2. Uncover purpose and align good habits Victor Frankl, in his book, “Man’s Search for Meaning”, recounts his experiences while imprisoned in a concentration camp during the Holocaust . Surrounded by human suffering, he learned truths about what makes a human being whole. He explains, “What man actually needs is not a tensionless state, but rather the striving and struggling for some goal worthy of him.” Above all else, he believed that a person needs meaning and purpose, both of which must be able to bear tangible fruit. Dr. Frankl recalled the eyes of the people as they neared death and saw that they had lost a sense of meaning to their suffering. This meaning, he believes, is what had kept them alive through their agony.
I recently had the blessing to interview Rabbi Manis Friedman, may he live and be well. He stated that the first step to finding one’s purpose is knowing that there is one. In failure to recognize this truth, many people get carried away attempting to create a purpose where one already exists. When we see that our purpose is already within us, life becomes a journey of uncovering purpose and meaning, and we are not confined by a box that we put ourselves in early in life. We can serve others in this way, as well, as the act of striving and working purposefully will bring happiness to the people you affect. This can be said for aspirational endeavors that bring you closer to your goals, or the mundane tasks that make up so much of our days.
The knowledge that G-d guides Man’s steps and that all things happen for a reason allows us to open ourselves up to a happier perspective in everything we must do. This new perspective, along with the cultivation of good habits and worthy activities, unlocks an ever-expanding source of joy in our lives.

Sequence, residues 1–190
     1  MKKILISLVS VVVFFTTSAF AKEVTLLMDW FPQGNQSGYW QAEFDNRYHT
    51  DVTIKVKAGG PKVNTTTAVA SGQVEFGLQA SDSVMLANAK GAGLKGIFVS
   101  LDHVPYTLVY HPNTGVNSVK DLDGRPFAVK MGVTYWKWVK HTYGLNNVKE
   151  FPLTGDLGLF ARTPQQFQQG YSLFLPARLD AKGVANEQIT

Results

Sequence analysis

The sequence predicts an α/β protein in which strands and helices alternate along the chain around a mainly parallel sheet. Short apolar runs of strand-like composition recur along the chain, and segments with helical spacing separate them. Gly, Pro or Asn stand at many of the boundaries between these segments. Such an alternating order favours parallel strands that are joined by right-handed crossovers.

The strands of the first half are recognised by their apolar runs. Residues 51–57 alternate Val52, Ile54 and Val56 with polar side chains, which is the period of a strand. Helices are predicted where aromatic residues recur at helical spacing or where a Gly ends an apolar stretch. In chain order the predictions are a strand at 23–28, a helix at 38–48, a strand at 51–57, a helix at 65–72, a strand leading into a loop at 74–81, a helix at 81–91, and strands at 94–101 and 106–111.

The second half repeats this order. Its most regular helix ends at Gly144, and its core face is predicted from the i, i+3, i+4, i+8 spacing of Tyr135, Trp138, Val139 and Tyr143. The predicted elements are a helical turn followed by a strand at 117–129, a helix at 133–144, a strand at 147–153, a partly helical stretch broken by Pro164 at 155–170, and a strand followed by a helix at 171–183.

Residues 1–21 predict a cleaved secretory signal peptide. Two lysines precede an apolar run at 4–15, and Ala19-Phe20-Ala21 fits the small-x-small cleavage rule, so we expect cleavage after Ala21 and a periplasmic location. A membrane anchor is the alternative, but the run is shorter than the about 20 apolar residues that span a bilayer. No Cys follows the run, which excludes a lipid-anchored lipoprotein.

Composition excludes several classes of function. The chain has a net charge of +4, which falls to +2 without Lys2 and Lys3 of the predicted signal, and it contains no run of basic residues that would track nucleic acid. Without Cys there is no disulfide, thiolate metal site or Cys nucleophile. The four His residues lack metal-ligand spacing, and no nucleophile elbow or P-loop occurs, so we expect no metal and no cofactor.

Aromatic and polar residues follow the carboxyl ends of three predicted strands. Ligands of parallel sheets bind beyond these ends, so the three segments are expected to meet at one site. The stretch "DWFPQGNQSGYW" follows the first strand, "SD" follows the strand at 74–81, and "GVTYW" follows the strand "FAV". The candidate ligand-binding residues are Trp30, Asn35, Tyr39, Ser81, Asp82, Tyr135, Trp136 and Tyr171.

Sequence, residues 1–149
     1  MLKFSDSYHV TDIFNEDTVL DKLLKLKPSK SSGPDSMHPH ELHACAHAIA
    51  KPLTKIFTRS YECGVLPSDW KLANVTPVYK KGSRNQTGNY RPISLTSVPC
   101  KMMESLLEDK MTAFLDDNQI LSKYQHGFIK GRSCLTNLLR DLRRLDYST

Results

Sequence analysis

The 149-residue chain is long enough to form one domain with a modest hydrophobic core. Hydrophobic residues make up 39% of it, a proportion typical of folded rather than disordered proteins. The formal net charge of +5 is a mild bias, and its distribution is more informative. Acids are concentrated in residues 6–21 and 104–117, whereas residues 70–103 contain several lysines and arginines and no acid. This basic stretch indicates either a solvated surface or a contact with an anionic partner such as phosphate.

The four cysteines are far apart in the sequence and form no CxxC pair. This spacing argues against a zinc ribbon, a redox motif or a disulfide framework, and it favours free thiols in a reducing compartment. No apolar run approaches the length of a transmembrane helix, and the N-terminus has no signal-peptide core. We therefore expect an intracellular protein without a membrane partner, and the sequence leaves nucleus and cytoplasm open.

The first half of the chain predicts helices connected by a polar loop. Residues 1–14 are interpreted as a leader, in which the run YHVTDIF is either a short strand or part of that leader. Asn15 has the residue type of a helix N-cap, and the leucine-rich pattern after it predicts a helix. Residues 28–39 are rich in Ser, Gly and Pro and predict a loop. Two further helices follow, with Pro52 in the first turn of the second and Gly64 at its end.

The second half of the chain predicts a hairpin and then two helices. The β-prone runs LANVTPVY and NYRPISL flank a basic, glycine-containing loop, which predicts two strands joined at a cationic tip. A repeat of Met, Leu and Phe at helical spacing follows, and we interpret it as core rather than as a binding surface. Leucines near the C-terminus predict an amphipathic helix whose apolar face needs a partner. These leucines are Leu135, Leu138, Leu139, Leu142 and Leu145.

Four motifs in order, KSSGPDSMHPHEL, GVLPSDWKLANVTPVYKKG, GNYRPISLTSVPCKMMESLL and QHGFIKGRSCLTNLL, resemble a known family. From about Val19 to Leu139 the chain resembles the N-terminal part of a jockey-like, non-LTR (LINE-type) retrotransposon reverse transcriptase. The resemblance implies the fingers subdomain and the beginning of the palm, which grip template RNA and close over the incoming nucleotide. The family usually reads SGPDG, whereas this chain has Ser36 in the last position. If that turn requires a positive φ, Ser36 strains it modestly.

3. Giving. The word for giving in Hebrew is Natan-נתן which is a palladium. When we give we literally feel better and happier. A man once wrote to the Rebbe about his sufferings with depression. The Rebbe circled every instance in the letter that the man wrote the word “I”. The problem was clear to the Rebbe. He told the man that the cause for his depression is that he is thinking of himself too much, and so he encouraged him to begin focusing on other people. A life that is only focused on “I”, is very limited, beginning and ending only where you begin and end. It's true that a person should love and take care of themselves, but life cannot end there. When we can see that our existence in this world is positively affecting other people because of what we give, we become happier. This is a selfish type of giving, yet it is still a step in the right direction. When you open up to giving to and caring for others, it will bring you happiness. By seeing their happiness you will be able to appreciate the true intention of giving. You will understand that you should be giving for its own sake, “lishma”, and will see what you do can change other people's lives for the better.